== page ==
THREE POEMS BY CORT DAY
Rhizome Forest Waltz
I’m walking through the empty set, making guesses.
I guess: a documentary about the pleasure principle.
There’s an ice storm in a town with one red lover.
There’s a drop-dead forest that’s perfectly accurate
and doesn’t plan on being saved. Tomorrow, in the Spring,
I’ll put on my softest suit, my moth suit, and go out looking
for my imaginary wife. She’ll be here and there
among the mangroves and coral, and we’ll both be amazed
at the living and dying getting done in our extremities,
at the rafts of sleeping children our breathing lets in.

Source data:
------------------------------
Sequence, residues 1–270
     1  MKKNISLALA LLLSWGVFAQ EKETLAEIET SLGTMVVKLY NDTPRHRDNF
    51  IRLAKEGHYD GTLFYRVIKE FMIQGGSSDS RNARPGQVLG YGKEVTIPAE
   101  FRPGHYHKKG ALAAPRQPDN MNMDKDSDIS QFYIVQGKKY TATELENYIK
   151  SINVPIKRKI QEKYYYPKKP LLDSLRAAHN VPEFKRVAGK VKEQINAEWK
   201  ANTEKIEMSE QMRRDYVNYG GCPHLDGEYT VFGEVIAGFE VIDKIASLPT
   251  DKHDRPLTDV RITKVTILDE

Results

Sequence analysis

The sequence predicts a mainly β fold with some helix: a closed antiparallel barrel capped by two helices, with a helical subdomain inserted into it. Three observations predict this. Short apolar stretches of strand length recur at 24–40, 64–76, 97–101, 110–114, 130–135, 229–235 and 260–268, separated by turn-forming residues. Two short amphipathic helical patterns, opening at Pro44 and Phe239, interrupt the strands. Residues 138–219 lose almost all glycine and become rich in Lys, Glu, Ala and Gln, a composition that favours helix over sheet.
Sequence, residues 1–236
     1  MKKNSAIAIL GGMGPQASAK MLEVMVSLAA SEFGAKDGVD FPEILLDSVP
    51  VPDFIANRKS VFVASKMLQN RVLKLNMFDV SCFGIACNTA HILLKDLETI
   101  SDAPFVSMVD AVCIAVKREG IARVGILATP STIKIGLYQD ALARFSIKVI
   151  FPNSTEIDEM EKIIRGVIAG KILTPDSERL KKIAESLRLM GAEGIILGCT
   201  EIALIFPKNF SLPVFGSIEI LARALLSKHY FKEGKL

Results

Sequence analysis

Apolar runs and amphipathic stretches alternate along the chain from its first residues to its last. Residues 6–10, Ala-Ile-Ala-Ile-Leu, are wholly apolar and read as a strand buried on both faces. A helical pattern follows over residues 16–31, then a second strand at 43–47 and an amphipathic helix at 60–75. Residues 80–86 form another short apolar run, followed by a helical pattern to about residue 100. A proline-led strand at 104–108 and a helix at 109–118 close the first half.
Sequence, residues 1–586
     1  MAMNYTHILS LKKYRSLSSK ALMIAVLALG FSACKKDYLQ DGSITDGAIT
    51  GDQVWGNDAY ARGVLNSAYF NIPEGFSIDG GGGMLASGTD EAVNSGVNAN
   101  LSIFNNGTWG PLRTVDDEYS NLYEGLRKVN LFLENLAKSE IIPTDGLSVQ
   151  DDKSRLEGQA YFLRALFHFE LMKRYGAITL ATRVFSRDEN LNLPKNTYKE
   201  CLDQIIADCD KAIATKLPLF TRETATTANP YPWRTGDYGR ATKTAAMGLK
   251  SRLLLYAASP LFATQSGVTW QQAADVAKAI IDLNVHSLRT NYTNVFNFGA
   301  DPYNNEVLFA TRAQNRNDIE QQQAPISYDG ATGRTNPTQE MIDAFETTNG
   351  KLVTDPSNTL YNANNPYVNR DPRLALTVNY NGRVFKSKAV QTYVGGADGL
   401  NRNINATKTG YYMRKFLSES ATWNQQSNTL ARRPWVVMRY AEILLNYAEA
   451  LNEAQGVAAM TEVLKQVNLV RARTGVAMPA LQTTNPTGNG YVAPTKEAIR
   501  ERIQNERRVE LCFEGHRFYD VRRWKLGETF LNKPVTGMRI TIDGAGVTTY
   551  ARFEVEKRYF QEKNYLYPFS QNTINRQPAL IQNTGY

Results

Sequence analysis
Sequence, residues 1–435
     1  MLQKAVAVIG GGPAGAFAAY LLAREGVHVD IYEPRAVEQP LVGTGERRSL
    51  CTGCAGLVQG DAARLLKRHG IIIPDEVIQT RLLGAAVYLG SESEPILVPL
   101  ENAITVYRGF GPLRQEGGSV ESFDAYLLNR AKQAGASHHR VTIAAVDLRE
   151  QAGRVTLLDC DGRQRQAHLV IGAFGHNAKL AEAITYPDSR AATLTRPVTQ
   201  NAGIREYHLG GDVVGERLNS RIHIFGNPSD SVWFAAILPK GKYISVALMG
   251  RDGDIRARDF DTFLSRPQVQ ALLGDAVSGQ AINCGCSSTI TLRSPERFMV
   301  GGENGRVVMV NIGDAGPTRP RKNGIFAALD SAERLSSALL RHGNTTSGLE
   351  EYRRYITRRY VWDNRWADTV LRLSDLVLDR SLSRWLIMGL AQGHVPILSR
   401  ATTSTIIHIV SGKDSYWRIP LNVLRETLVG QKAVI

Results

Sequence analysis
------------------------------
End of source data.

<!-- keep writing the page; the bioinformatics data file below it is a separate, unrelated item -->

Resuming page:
A Little Song About Darkness
The world of dew is the gleaming mask darkness
wears to narrate its arousal by submission.
Its physiognomy shines. Ibises shine,
ignorant of their enormous file size.
Ibises narrate the contingency of things
held in dawn light. There’s never an ibis missing
because ibises are gnomons the light grows
inside itself to prevent forgetting. Darkness
grows inside the body of the noble savage,
who is pacing, pacing the shoreline in tears.
She was a blue panel of self-delight.
Deep aqueous fjords, anemone and sponge.
I was peddling thin mints from an icicle cage.
In the split-second reel change the pregnancy took.
All my coins falling by the early water.
The immense chords all iron, all salt.
No cynicism in the faces of the waves.
No science when the unheard-of voice begins.
The sky was a libertine. She was a sculptor.
We believed. Around us the blood began to knock.
* all poems from The Chime, Alice James Books, 2001.